Leonard Cheshire marathon runners raise almost £200,000 for disabled people


Andrea Poore with her medal

London marathon runners representing Leonard Cheshire Disability are set to have raised a whopping £190,000 between them this year, making a huge difference to the support the charity can provide in 2016.

A total of 80 runners pounded the streets of the capital on Sunday to support Leonard Cheshire’s vital work for disabled people in the UK and abroad, with friends, family and the Leonard Cheshire Disability team cheering them on throughout.

Nick Stretton from Sutton Coldfield took the fastest time of the runners, completing his first marathon ever in just three hours and one minute.

The 27 year old, whose father Geoff works for the charity said:

“I’ve had the opportunity to go see two homes in the West Midlands and see the great work Leonard Cheshire does on a daily basis. It was really quite a humbling experience. I’ve been really impressed at what they do. To others I would say definitely choose Leonard Cheshire as a charity to run for.”

The fastest female runner, Lena Belz, finished in three hours 25 minutes- despite it also being her first marathon.

She said: “I always run past the [Leonard Cheshire] home in Chislehurst, so I thought it would be good to run for somewhere I have a local connection to. I started training in January, going for a long run four times a week. It’s a big thing to put yourself through, and your family and friends, because you are a real party pooper for a few months, always training!”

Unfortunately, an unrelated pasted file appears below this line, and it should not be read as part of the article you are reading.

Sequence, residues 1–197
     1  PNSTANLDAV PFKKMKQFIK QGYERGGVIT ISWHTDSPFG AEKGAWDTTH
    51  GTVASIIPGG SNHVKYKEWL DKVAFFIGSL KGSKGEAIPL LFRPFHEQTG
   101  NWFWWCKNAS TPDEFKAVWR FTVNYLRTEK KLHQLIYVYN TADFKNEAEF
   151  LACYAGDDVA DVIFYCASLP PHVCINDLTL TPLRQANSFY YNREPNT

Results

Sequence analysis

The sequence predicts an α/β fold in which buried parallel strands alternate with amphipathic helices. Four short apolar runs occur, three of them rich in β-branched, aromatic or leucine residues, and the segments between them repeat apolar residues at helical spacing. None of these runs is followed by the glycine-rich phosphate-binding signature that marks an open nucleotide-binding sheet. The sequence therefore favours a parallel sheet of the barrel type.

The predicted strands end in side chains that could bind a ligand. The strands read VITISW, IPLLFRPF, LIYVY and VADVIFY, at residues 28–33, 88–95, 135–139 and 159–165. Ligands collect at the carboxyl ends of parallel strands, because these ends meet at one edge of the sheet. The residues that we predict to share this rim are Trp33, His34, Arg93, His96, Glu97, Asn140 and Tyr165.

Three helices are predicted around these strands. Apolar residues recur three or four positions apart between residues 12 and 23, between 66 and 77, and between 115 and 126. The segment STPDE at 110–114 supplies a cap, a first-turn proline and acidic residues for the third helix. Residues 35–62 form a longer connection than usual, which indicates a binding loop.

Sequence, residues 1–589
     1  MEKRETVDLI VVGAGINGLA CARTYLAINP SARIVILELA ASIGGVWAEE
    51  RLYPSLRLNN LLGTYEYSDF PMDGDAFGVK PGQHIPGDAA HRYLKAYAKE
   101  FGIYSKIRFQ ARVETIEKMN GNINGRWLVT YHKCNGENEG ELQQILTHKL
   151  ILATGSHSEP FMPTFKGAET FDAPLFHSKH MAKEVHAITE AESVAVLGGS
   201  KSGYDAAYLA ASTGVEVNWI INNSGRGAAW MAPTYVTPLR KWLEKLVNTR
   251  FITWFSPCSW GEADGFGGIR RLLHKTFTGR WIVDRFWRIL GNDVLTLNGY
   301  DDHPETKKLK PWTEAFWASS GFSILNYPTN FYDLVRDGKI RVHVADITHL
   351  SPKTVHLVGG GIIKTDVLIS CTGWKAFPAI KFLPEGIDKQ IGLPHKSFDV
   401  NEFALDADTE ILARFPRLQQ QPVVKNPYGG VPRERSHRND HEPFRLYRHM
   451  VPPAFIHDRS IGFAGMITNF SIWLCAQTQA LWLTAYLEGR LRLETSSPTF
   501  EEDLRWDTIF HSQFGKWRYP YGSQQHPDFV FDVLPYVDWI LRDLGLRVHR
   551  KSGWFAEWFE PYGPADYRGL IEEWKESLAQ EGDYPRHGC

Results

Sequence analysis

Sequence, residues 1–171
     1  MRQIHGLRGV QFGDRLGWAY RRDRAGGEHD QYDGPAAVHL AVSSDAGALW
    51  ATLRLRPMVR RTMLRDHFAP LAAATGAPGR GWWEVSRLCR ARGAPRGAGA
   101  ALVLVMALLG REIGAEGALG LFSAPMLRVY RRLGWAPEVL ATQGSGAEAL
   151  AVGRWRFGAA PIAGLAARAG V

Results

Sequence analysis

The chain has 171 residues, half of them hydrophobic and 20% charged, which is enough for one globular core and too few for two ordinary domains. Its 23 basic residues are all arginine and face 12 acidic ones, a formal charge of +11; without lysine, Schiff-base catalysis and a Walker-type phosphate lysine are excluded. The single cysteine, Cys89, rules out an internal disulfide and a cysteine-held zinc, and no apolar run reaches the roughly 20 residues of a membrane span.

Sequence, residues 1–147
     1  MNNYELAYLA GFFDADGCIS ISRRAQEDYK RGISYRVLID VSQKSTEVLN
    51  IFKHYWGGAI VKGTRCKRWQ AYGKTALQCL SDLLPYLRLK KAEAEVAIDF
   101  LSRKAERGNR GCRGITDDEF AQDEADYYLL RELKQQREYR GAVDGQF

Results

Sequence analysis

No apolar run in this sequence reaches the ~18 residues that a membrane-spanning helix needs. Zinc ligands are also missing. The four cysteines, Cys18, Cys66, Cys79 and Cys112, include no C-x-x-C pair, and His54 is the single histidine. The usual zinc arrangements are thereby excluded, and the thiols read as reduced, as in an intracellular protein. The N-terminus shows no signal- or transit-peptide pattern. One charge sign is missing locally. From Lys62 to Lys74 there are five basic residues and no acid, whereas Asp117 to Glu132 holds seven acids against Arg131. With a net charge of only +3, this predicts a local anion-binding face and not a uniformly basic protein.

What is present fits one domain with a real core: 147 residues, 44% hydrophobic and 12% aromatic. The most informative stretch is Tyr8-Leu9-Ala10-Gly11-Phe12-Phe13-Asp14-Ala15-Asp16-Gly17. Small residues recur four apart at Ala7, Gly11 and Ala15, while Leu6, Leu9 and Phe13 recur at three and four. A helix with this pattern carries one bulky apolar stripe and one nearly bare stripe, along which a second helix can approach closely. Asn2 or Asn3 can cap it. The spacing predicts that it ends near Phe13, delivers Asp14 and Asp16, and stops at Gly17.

Nicky Ashwell, who has the world’s most lifelike bionic hand, was celebrating completing her seventh marathon at the weekend.

Nicky’s marathon efforts made the media spotlight, with her giving interviews to both the BBC and London Live.

She said: “Mile 22 was tough, but I didn’t hit a runner’s wall really, I got off easy this time.”

Also amongst the 38,000 people taking part was Leonidas Leonidou, who had come from Cyprus to raise money for Leonard Cheshire. He was running as part of his ambition to take on the Abbot World Marathon Majors (Tokyo, London, Boston, Berlin, Chicago and New York marathons).

He said: “Thank you to Leonard Cheshire for helping me to fulfil my dream.”

A lot of runners were raising money because Leonard Cheshire cares for their loved ones, including Jack Rich from Greenwich.

He said: “I’m running for Leonard Cheshire because they do a fantastic job looking after my dad at Agate House in Bedfordshire and through him being there I’ve heard about all the other fantastic work they do up and down the country and all over the world.”

He said he would advise anyone thinking of raising money for Leonard Cheshire next year to “absolutely do it”.

“The charity provides help with training, fundraising, [and gives] lots and lots of support both before the day and on the big day itself.”

Mike Sheldrick was running to raise money for an adapted bike at Gloucestershire House.

He said: “My auntie is quite severely disabled and seeing other people with disabilities made me think it’d be great to give something back so that people get additional support.”